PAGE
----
President Joe Biden marked the holiday Juneteenth by issuing a proclamation that promotes his mass marijuana pardon and scheduling review directive.
As the country commemorates the emancipation of enslaved Black people, the president’s proclamation touts various efforts by his administration to address racial discrimination, including last year’s cannabis clemency move.
“I have taken action on marijuana reform by pardoning prior District of Columbia and Federal simple marijuana possession offenses and directed a review of marijuana scheduling,” Biden said on the federal holiday, which was established under legislation he signed in 2021.
The president has repeatedly promoted the cannabis actions, linking them to the administration’s racial equity efforts.
Speaking at a Martin Luther King Jr. Day hosted by the National Action Network’s (NAN) in January, for example, Biden said he was keeping his “promise” by providing relief to those who’ve been criminalized over cannabis.
In February, Biden marked the end of Black History Month by giving publicity to the cannabis clemency actions and highlighting the racially disparate impact of marijuana enforcement.
The White House also argued that the president’s pardons could lift social and economic barriers as part of a factsheet that was released ahead of Biden’s State of the Union address in February.
Also that month, the president separately signed an executive order on promoting equity within the White House and federal agencies that also mentioned the earlier marijuana pardons.
Biden issued a proclamation declaring April “Second Chance Month” for people who have served time in prison, and in the document he took the opportunity to promote his marijuana pardons and address the collateral consequences of cannabis convictions.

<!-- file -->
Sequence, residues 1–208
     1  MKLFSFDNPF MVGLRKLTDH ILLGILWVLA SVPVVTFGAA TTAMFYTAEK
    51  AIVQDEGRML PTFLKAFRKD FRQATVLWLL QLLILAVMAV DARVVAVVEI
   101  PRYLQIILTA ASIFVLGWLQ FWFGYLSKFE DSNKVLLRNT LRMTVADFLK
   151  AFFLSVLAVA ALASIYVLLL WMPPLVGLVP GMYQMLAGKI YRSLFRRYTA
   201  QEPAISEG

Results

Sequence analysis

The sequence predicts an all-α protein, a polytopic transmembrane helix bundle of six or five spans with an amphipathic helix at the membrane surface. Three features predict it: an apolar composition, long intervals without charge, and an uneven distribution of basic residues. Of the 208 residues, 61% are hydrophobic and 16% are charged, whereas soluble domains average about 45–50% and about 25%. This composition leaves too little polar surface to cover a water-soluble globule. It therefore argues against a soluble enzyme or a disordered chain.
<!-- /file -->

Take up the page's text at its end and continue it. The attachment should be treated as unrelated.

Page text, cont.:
The pardon affected several thousands of Americans who’ve committed federal marijuana possession offenses, while the administrative review into cannabis scheduling is ongoing.
With respect to the scheduling review, the U.S. Department of Health and Human Services (HHS)—and, specifically the Food and Drug Administration (FDA)—is tackling the first part of the process, assessing the science of cannabis to determine whether it should be removed from Schedule I of the Controlled Substances Act (CSA).
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HHS Secretary Xavier Becerra told Marijuana Moment last week that he’s hoping to deliver on the president’s scheduling directive by the year’s end.
Congressional marijuana reform leaders said that they are encouraged by that timetable.
“I will be disappointed if we cannot make significant progress within the year,” Rep. Earl Blumenauer (D-OR), co-chair of the Congressional Cannabis Caucus, told Marijuana Moment. “There should be a greater sense of urgency for this long overdue action.”
Blumenauer also led a letter to Becerra and Attorney General Merrick Garland in March, alongside 15 other bipartisan members of Congress, demanding transparency in the cannabis scheduling review.
Rep. Barbara Lee, another co-chair of the caucus, said this month that the Biden administration needs to take action on federal cannabis scheduling “now,” before the upcoming election.
Once HHS finalizes its review, it will send a scheduling recommendation to the Drug Enforcement Administration (DEA), which makes the final call. The health agency’s scientific findings are binding, but DEA could theoretically flout the resulting recommendation.
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